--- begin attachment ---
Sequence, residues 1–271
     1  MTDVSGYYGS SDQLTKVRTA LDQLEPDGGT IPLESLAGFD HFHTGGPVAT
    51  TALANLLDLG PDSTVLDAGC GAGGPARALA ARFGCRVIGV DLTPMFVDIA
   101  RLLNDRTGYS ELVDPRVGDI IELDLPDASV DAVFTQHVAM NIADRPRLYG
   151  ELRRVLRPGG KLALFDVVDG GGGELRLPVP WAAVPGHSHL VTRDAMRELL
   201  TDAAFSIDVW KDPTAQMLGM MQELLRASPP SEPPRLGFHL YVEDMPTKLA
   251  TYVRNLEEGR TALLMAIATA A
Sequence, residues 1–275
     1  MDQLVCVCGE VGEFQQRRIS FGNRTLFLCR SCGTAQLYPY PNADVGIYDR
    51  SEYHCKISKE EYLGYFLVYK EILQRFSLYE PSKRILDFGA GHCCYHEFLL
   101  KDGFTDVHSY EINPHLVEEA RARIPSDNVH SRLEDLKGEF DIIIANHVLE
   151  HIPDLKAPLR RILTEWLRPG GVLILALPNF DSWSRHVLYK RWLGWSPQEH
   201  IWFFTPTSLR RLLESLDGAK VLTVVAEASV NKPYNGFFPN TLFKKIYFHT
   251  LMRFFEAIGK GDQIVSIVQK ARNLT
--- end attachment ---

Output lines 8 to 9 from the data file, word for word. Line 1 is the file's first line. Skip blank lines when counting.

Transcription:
Sequence, residues 1–275
     1  MDQLVCVCGE VGEFQQRRIS FGNRTLFLCR SCGTAQLYPY PNADVGIYDR